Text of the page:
Conventional electrical wiring installation is a logistical nightmare of schedules, inventory, design changes and rework to correct design and installation errors and product defects. Prefabricated units having brackets with pre-mounted junction boxes and pre-wired outlets and switches installed within the boxes are sometimes utilized in an effort to save installation time. These units are manufactured per contractor specification and delivered to the job site. An electrician attaches a particular unit at a specific location and attaches a corresponding power cable to a standard connector.

Such prefabricated electrical systems, however, do not solve all of the logistical problems associated with electrical wiring system design and installation and create additional ones. Each prefabricated unit is typically specified as to mounting height, plaster ring depth, support arm length and electrical device type, to name a few, and are given unique part numbers. Each part number represents a different stock keeping unit (SKU) for the distributor and contractor. The contractor must sort each SKU to corresponding installation locations at the job site. If an SKU malfunctions, there is typically no replacement part, and the SKU has to be returned to the manufacturer. Each prefabricated part is custom made so there is much room for mistakes to be made in the specification and assembly process. If an electrician opens the SKU to fix a problem inside, the product warranty may be void.

A universal electrical wiring component advantageously combines an adjustable, modular mount with modular electrical devices to reduce installation costs over conventional wiring in much the same manner as a typical prefabricated system. Because a universal electrical wiring component is modular, a limited number of such components can be combined and configured as a substitute for many conventional assemblies. This significantly reduces the number of SKUs and associated inventory and planning headaches. Because a universal wiring component is adjustable, it greatly reduces specification requirements and eliminates the possibility of assembly errors associated with custom prefabricated parts. A universal electrical wiring component also advantageously accommodates design changes including the location and the type of an electrical distribution point and the function and color of an installed electrical device. Testing of the wiring system can be accomplished at the rough-in phase while walls are open rather than the trim-out phase. Trim-out can be completed without touching a wire. Devices can finish flush with the wall every time.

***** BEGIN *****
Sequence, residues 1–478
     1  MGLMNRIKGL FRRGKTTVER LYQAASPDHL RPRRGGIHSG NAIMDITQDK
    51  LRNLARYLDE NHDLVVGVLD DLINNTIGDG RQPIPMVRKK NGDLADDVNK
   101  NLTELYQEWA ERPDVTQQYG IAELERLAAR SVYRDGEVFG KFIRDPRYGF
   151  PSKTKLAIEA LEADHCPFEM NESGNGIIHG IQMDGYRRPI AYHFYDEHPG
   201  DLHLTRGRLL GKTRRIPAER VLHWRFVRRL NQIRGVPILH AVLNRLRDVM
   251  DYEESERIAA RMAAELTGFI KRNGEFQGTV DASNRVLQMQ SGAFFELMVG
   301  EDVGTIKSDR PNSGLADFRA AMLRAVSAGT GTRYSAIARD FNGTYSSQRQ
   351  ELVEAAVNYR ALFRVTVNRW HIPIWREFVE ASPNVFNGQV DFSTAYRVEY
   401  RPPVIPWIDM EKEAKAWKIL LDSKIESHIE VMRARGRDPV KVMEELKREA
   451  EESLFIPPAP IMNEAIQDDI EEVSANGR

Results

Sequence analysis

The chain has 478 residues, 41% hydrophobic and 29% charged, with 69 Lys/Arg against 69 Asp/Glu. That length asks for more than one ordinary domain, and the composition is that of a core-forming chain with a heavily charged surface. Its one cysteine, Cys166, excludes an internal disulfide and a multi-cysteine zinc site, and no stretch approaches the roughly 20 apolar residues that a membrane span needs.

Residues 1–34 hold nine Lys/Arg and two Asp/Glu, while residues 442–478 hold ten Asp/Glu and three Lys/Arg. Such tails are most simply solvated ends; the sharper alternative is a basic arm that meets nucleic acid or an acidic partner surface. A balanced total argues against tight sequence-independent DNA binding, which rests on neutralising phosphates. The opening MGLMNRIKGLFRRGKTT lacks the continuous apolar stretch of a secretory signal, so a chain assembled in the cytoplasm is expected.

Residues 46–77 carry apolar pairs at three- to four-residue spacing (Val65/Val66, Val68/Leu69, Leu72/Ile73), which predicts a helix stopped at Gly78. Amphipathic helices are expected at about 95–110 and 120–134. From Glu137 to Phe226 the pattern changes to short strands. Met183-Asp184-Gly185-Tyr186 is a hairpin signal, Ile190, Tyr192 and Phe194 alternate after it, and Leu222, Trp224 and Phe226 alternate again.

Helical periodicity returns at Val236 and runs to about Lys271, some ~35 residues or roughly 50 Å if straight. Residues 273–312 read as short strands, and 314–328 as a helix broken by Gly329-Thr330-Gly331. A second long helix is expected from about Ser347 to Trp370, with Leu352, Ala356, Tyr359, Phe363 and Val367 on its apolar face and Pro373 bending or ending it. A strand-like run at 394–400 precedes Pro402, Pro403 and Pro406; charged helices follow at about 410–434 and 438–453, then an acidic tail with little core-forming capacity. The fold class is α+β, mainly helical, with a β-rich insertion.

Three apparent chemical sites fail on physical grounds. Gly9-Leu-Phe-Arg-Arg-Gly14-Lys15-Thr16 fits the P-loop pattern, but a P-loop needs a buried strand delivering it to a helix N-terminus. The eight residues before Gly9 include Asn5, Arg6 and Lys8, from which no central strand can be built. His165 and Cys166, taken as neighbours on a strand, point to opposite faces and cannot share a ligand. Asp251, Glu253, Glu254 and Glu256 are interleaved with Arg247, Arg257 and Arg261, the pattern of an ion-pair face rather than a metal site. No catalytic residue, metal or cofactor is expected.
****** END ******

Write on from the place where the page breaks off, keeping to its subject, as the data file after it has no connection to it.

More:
BRIEF DESCRIPTION OF THE DRAWINGS

FIG. 1 is a front view of a modular integrated wiring system utilizing various embodiments of a universal electrical wiring component;

FIG. 2 is a front perspective exploded view of a universal electrical wiring component having modular electrical devices combined with an adjustable, modular mount;

FIG. 3 is a front perspective view of a floor bracket electrical wiring component;

FIG. 4 is a front perspective view of a stud bracket electrical wiring component;

FIG. 5 is a front perspective view of a box bracket electrical wiring component;

FIG. 6 is a front perspective view of an extended box bracket electrical wiring component;

FIG. 7 is an exploded perspective view of a junction box assembly;

FIG. 8 is an exploded perspective view of a floor bracket assembly;

FIG. 9 is an exploded perspective view of a stud bracket assembly;

FIG. 10 is an exploded perspective view of a box bracket assembly;

FIG. 11 is an exploded perspective view of an extended BOX bracket assembly;

FIG. 12 is an exploded perspective view of an adjustable plaster ring;

FIG. 13 is a perspective view of a junction box; and

FIGS. 14A-D are top, perspective, front and side views, respectively, of a support arm.

DETAILED DESCRIPTION OF THE PREFERRED EMBODIMENTS

FIG. 1 illustrates a modular integrated wiring system 100 utilizing universal electrical wiring component embodiments 300-600. A floor bracket component 300, a stud bracket component 400, a box bracket component 500 and an extended box bracket 600 are included, providing adaptability for different electrical power distribution designs. Each wiring component 300-600 provides mounting flexibility by adjusting to various wall dimensions, stud configurations, and electrical distribution point locations. Specifically, each component 300-600 has an adjustable depth into the wall, guaranteeing a flush finish with the wall surface at every electrical distribution point. In addition, the floor bracket component 300 provides an adjustable height. The stud bracket component 400 can be positioned at any height and provides an adjustable distance between studs. The box bracket component 500 can be positioned at any height, and the extended box bracket component 600 can be positioned at any height and at various locations between studs. Further, each wiring component 300-600 accommodates a variety of functional modules, including various outlets, switches, GFCI devices, and motion detectors to name few. Advantageously, the color of the functional modules and even some functionality can be readily changed at anytime without rewiring, as described below. The resulting modular integrated wiring system 100 has the labor saving advantages of prefabrication with the design and installation flexibility of individually configured and wired components.

A universal electrical wiring component combining modular electrical devices and an adjustable, modular mount is described with respect to FIG. 2, below. A floor bracket component 300 is described in further detail with respect to FIG. 3, below. A stud bracket component 400 is described in further detail with respect to FIG. 4, below. A box bracket component 500 is described in further detail with respect to FIG. 5, below, and an extended box bracket component 600 is described in further detail with respect to FIG. 6, below. Adjustable mounts are described in detail with respect to FIGS. 7-11, below.